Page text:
The rain back in July was the first classic East Coast low we’ve had for many years – a flood event similar to 2007. Although this flood was smaller, the two days of solid rain hit catchments that were already saturated from early downpours. It’ll take a few months for things to settle into normal bream, perch, mullet and flathead fishing.
Sadly, we were on the cusp of a big yellow-eye mullet run, with reports of huge schools gathering near the rivers prior to the deluge. It appears the fresh water may have flushed those fish out to sea. The good news is that plenty of hungry bream are eating bait, and keen anglers have already caught big fish in the clearing waters. Lure anglers are slowly catching up.
All of the five rivers feeding the Gippy Lakes went into flood – some touched major levels for a short time. The Avon did its usual trick and rose from a trickle to a raging torrent in a matter of hours. The Avon rises and falls quicker than any river I know and I hope the thousands of stocked bass hang in there. The Latrobe does the opposite, it gathers pace over many weeks and takes much longer to drop out. The Nicho, Mitchell and Tambo Rivers all filled to minor floods levels, within a day or two after the rains.
The results for anglers are dramatic. Unsurprisingly, fishing reports were dismal after being inundated with muddy water. Rivers are now clearing nicely and weird things can happen after big rains. For instance, in 2007, six estuary perch I tagged in the Gippsland Lakes were not only flushed out to sea, but also turned up at Port Albert. That represents a 200km swim from where I released them. There’s real proof that fish exit the system, but what happens as far as the Gippy Lakes recruiting fish?
I hope kingfish return to the Metung area in summer, and for the mulloway we found at Hollands Landing and Lake Wellington, I’m sure they’ll return at some stage, however many months away. Sadly, looking back into my fishing diary over the last 20 years, I noted that after floods like the last one, the Hollands Landing fishing can take at least six months for lure anglers to confidently target fish again.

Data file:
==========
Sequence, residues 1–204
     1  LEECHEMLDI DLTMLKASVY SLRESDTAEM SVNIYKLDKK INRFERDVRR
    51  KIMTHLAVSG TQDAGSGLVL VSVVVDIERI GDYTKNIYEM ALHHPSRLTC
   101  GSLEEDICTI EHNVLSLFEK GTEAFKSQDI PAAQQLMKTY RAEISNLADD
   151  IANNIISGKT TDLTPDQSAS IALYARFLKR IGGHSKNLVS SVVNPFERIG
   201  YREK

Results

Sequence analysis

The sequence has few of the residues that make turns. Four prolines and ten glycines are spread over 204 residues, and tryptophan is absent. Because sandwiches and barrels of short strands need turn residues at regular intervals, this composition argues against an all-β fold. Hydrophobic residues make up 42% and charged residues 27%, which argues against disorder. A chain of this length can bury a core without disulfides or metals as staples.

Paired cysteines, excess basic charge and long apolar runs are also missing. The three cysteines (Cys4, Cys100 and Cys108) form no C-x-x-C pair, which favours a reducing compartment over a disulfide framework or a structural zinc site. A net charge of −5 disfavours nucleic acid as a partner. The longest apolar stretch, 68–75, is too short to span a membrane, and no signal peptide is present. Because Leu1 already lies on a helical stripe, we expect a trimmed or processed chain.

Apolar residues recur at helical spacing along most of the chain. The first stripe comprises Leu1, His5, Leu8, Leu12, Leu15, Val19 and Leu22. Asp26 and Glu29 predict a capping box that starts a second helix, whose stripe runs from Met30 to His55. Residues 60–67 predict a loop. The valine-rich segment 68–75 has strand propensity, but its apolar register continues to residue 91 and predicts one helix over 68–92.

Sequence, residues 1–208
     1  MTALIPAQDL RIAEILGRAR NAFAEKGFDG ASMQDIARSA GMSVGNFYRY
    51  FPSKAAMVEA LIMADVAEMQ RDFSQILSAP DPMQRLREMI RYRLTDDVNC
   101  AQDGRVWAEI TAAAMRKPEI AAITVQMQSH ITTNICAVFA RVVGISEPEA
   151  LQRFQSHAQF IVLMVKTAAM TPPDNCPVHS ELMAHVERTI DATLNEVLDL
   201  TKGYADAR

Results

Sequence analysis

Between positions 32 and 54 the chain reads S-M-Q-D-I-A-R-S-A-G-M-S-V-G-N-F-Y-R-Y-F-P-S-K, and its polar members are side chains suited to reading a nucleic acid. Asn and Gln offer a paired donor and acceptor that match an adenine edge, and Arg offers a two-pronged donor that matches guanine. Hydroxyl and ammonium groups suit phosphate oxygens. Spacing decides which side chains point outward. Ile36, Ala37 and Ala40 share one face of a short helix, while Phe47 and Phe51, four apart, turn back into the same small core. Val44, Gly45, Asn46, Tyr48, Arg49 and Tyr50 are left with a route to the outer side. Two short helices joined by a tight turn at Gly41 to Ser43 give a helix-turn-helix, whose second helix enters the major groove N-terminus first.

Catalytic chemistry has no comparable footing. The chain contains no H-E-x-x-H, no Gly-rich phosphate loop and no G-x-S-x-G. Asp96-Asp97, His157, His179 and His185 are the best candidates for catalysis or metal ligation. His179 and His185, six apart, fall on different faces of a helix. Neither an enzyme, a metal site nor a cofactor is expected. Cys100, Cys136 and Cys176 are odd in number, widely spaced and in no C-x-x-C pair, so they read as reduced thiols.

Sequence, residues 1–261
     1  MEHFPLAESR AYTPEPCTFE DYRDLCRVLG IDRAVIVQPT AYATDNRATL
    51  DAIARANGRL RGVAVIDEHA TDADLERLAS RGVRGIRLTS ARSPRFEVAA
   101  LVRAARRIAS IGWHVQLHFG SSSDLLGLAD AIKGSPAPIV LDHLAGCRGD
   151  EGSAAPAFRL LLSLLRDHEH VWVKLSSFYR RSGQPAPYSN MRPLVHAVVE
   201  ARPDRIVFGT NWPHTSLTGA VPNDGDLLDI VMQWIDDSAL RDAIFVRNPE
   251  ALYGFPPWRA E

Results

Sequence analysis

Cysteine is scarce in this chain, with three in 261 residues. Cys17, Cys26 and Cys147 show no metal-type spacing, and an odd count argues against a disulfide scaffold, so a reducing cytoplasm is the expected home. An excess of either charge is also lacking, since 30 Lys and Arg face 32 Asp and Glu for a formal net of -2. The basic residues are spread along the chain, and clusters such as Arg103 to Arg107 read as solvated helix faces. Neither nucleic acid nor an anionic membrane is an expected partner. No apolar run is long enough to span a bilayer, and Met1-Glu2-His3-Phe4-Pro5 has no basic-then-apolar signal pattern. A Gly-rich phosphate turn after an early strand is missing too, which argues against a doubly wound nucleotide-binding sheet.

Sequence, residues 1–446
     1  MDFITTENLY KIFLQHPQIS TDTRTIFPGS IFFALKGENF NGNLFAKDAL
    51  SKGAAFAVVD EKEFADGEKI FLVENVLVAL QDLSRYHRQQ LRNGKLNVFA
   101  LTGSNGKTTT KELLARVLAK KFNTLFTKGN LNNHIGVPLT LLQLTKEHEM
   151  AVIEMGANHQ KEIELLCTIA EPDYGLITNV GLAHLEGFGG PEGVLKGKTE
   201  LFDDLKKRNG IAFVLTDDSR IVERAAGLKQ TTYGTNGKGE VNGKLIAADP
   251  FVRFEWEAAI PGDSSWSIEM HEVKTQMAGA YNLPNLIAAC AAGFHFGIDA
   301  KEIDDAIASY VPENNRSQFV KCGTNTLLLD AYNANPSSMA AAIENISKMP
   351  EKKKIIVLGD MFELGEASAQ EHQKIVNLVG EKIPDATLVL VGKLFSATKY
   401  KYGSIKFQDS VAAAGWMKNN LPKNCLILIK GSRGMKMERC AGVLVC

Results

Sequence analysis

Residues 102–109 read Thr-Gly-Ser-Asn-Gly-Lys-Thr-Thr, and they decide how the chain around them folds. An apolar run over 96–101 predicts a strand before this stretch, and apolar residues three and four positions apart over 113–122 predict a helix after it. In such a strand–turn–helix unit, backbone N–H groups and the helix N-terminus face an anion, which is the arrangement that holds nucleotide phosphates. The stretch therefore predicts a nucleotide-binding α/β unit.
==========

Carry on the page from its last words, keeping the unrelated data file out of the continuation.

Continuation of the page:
For the vast majority of bait anglers fishing the Gippy Lakes, times are good. For those who know how to fish flood water, winter rain has been a blessing. Tambo is best fished with scrub worms using a little sinker. You could find bream as far up as the highway bridge. The hotspot recently has been the Mitchell River from the area between the Cut, right along the Silt Jetties to the lake. Lower Nicho is fishing better than most areas. The best bait, by far, is live shrimp. I’ve received plenty of reports of bream up to 40cm, days after the high flows started backing off.
The water is still clearing up and fishing has improved almost every day. Lure anglers got word of big fish in the Mitchell, and although catch rates are less than the bait anglers’, large bream have been caught. Most fish are sitting in deeper water, right near the bottom, so black blade lures like the Sting 37 in Cracked Black are doing most of the damage. Heavily weighted Z-man GrubZ are also working okay. Bright coloured, sinking hardbody lures have been my go to lure – the Hurricane Kaplunk in the pink colour has worked a treat. Black hardbodies will also work just as well. Historically in dirty water, dark lures can even outscore my favourite bright colours.
It may be a tough time of year to target fish in the Gippy Lakes, but most anglers enjoy the challenge. In fact, I get pictures from different anglers with more bags of bream around 40cm, caught on blades in the Mitchell and Nicho. Sometimes a flood event can get the bream biting hard. There’s no time to waste, I’m off to fish.
The author caught stunning bream from 35-41cm while working the dirtiest shallow water. He used a favourite old Squidgy Wriggler, with eyes used for weight instead of a usual jighead. In that chocolate water, who knows how the bream found a lure.
The muddy water after the floods is challenging all lure anglers. Bright coloured hardbodies will need to be worked deep and slow.Reads: 884